I Have Only Slipped Away Into The Next Room
As you might have noticed, I didn't do an update for April. I was fully intending on writing about our trip to Amsterdam. There was a post chock full of photos of good food and stories of The Netherlands being one of the more beautiful places I've ever seen. You know Disney World? It's like that magical but everything is real which makes it even better. Suck it, Disney World. Go to Amsterdam instead, people.
However, on April 22 our lives changed drastically. I don't have data on my phone and I can't receive phone calls from the US unless I'm near WiFi so I didn't hear from my family until later that night when I had returned home from the beach. I was emptying my sandy shoes into the bathtub when I noticed my brother was calling me. I picked up the phone and he sounded upset. I wish I could say that it was a blur but I remember everything. I remember the details of the conversation.. of how I started to freak out before he could get the words out. Our dad had had a heart attack at work and was at the hospital. The worst thoughts started coming into my mind and I consciously had to think hard to remove them.
Being in another country and having to deal with everything over the phone was especially difficult. I wanted to appear at the hospital next to my dad and see him and be there. I wanted to do something. I know that sometimes people say that they feel useless when they're waiting for news at a hospital but I felt if I could just be there, I could say something to the doctors and they would do something to save him. Maybe they needed to try something else, do something else. Maybe they weren't trying hard enough. Maybe if they just saw my desperation, they would work harder.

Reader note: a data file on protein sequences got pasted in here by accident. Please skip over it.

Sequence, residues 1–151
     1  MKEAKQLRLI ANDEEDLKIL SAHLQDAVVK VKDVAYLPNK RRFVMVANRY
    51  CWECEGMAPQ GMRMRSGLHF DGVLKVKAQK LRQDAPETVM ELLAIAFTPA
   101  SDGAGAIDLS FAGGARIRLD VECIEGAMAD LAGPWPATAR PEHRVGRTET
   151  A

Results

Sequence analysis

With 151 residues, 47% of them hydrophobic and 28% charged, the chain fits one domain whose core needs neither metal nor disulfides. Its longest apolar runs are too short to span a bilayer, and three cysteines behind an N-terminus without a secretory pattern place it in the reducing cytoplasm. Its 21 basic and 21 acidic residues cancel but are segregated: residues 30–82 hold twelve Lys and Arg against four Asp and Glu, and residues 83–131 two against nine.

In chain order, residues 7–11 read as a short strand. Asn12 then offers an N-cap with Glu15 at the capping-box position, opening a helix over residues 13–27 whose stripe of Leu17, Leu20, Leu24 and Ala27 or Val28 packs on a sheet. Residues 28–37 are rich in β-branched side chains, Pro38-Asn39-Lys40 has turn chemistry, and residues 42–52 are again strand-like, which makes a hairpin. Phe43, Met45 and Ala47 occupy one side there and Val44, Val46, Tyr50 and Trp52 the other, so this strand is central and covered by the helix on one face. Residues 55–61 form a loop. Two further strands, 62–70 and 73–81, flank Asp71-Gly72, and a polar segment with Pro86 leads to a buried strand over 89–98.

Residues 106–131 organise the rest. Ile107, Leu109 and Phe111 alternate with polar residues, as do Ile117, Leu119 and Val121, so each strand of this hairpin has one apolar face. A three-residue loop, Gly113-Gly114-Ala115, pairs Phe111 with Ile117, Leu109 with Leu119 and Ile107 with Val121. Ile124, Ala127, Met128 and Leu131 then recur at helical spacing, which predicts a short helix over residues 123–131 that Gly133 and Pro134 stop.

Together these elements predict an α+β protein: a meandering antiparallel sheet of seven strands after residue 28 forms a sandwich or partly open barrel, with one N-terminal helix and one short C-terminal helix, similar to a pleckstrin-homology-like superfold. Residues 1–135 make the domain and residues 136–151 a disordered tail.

We got information in bits and pieces from people. I felt like maybe this would be okay. He would be okay. I kept thinking, "when he wakes up, I want to ask him what it was like". I feel now that maybe that was a ridiculous thing to have been thinking.
When we were told he was going into surgery, we planned on staying up and waiting to hear how it went. It was about 2 AM our time. I kept texting back and forth with my friend, Maria, who was there at the hospital with my family. She eventually stopped texting me. Justin got a text. I said, "what does it say?" and he looked at me and said, "come here. I need to talk to you". I knew what he was going to say. I felt like if I just kept Justin from saying it, it wouldn't be true. I felt like an animal. This very primal sadness and desperation came from the pit of where your soul sits. I remember screaming. I just kept screaming. I felt like the doctors didn't do something. They made a mistake. They need to check something one more time. They need to do something one more time. It was someone else. Not really our dad. In my mind I just kept clawing for reason that this wasn't real. I kept saying, "this isn't real. this isn't real". When someone leaves you so suddenly, it doesn't feel real. It feels like a joke. Here it is almost three weeks later and I feel like I'm still trying to make peace with the idea that it really happened. He died. I feels weird typing it out. I guess it still doesn't really feel real. Right now when I'm craving normality, nothing feels normal yet. I feel like when I get home to my family we can all process and heal together.